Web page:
The first 100 days of Nancy Pelosi’s reign as speaker of the House have come and gone. Several times over, actually. And what does Congress have to show for it? Little to nada, legislatively speaking, and even lower public approval ratings than the besieged President Bush.
Not that we’re complaining. Most of what Pelosi and congressional Democrats want to do for Americans — or is it to Americans? — sends shivers down the spines of those of us who still believe in limited government, low rates of taxation and a regulatory rollback. That the first 100 days has been a flop is a blessing, and it will be a double blessing if gridlock continues, given that neither party is inclined to rein in the leviathan.
Pelosi marked her first six months as speaker recently at a press event that felt more like a wake than a revival. Rather than shouldering the blame for diverting Congress from more mundane business into an excessive effort to overtake logistics in the war in Iraq, Pelosi chalked it up to “the obstructionism of the Republicans in the United States Senate.” But the techniques the new minority is using were pioneered by Democrats when they were the minority.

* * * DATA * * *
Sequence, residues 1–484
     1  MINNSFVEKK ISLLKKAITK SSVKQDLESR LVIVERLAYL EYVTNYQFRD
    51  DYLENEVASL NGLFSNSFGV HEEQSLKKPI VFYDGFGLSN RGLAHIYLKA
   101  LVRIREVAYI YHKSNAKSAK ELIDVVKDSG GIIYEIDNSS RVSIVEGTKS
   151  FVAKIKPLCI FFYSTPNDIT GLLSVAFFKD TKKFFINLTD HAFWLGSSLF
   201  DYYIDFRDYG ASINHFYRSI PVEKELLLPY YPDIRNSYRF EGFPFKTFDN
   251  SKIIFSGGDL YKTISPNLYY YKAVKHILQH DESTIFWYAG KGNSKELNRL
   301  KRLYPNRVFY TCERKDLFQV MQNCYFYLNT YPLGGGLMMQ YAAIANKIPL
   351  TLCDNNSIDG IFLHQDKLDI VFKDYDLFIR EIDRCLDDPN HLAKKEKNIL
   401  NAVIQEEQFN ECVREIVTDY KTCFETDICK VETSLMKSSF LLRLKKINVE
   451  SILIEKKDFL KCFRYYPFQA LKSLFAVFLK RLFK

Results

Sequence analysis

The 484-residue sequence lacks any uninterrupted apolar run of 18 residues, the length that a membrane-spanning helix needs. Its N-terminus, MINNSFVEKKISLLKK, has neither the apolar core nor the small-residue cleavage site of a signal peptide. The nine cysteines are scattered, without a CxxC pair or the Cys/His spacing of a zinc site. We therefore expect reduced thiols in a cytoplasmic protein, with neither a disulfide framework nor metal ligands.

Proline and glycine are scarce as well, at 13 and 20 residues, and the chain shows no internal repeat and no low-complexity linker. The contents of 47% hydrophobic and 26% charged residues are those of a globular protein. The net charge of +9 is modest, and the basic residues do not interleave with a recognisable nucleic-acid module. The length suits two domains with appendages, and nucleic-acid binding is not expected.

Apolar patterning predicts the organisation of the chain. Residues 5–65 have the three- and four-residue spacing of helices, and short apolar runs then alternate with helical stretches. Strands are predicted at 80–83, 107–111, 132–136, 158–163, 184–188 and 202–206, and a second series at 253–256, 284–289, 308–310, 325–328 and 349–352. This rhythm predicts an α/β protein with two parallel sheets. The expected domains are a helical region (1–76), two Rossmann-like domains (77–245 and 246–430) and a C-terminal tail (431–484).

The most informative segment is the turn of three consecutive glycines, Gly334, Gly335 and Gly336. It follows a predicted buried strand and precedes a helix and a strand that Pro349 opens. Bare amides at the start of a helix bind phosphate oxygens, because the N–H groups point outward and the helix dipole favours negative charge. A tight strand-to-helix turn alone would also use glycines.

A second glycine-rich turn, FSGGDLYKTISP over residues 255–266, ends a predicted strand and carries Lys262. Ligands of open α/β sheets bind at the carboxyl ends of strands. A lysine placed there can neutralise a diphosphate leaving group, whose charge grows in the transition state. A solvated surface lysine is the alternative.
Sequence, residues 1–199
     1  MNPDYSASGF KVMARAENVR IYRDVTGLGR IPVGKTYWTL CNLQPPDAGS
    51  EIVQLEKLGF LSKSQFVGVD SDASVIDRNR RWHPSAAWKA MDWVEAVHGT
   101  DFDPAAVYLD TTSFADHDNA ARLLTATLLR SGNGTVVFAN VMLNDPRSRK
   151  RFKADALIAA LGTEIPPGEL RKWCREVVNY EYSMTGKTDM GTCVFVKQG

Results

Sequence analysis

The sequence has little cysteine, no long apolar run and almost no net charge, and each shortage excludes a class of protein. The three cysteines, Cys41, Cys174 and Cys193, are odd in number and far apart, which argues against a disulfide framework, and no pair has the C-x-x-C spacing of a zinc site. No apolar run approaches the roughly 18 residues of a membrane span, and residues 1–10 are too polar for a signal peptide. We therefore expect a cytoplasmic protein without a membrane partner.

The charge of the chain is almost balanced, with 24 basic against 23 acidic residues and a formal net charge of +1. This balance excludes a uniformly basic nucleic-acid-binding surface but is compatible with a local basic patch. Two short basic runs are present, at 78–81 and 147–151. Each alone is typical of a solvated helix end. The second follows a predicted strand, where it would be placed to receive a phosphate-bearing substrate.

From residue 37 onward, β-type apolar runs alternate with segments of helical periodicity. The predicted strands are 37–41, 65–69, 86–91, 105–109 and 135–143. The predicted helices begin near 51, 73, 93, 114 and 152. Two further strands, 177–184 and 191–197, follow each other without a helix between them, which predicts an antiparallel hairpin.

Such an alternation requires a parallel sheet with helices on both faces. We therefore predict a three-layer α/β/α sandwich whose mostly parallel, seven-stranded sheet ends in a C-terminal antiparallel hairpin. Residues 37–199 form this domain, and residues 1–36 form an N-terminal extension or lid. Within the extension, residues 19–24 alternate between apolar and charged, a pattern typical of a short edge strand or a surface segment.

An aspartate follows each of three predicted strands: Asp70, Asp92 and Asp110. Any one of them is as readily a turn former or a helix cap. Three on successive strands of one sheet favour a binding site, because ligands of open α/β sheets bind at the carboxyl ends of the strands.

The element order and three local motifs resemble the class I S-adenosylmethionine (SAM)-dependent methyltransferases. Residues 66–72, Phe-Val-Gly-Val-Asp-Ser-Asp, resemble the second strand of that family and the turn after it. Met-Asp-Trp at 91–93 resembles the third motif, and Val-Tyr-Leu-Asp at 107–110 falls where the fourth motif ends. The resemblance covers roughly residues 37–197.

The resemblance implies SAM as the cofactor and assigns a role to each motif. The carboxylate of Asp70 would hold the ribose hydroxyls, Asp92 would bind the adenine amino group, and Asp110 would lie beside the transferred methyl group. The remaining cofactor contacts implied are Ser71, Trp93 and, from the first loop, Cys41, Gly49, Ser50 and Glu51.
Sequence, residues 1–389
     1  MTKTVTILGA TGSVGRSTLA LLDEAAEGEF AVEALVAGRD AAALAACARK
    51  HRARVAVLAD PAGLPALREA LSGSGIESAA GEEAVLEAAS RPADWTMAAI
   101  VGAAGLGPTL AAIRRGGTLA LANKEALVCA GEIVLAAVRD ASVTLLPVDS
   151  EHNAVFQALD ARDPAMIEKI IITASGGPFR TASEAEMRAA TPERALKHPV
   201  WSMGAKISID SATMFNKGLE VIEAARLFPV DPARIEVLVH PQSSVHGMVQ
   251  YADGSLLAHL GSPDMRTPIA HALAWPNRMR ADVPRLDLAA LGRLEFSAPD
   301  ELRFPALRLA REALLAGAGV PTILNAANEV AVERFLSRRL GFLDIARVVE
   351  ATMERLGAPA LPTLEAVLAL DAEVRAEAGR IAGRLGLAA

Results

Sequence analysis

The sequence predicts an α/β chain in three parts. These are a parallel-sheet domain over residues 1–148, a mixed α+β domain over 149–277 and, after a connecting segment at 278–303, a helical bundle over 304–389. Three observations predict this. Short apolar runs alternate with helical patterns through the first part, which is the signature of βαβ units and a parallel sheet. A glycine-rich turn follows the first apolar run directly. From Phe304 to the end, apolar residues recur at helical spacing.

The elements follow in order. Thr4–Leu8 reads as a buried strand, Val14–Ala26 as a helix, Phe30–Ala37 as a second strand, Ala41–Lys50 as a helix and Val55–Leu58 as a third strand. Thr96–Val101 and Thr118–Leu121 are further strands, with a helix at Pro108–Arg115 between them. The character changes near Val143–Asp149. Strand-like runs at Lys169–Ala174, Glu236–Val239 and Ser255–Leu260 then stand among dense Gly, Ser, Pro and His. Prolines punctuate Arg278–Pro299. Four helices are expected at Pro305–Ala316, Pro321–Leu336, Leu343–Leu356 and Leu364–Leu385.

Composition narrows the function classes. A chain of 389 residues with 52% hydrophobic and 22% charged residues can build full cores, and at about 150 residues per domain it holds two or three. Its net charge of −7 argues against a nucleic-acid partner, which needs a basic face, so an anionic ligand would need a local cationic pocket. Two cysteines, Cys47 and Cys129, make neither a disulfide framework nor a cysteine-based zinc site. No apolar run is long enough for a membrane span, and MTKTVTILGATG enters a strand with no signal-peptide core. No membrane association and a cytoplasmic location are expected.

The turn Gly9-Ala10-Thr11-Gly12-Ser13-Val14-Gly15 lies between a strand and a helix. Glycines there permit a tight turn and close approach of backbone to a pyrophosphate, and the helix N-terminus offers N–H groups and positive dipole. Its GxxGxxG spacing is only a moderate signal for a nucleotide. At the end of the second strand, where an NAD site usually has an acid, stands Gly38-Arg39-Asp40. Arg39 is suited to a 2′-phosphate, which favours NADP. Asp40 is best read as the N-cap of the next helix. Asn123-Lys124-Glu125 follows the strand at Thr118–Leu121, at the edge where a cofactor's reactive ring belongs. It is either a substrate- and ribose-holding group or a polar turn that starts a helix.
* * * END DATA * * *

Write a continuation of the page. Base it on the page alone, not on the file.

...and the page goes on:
“The Democrats in their years in the minority made a filibuster-proof 60-vote supermajority — rather than a 51-vote simple majority — the threshold needed to pass any legislation in the Senate,” The San Francisco Chronicle noted recently. “Democrats routinely blocked all but the most noncontroversial bills. … Republicans complained at the time, but many of them are happy now.”
Added Julian Zelizer, a history professor at Boston University: “The Republicans are doing what the Democrats did. They’re using the power of the Senate filibuster, and the power in the House when you have narrow majorities, to make a do-nothing Congress … even when there’s a lot of interest in accomplishing things.”
But accomplishing what, exactly? That’s the critical question. We’ll take a “do-nothing Congress” over a “do-everything-wrong Congress” any day.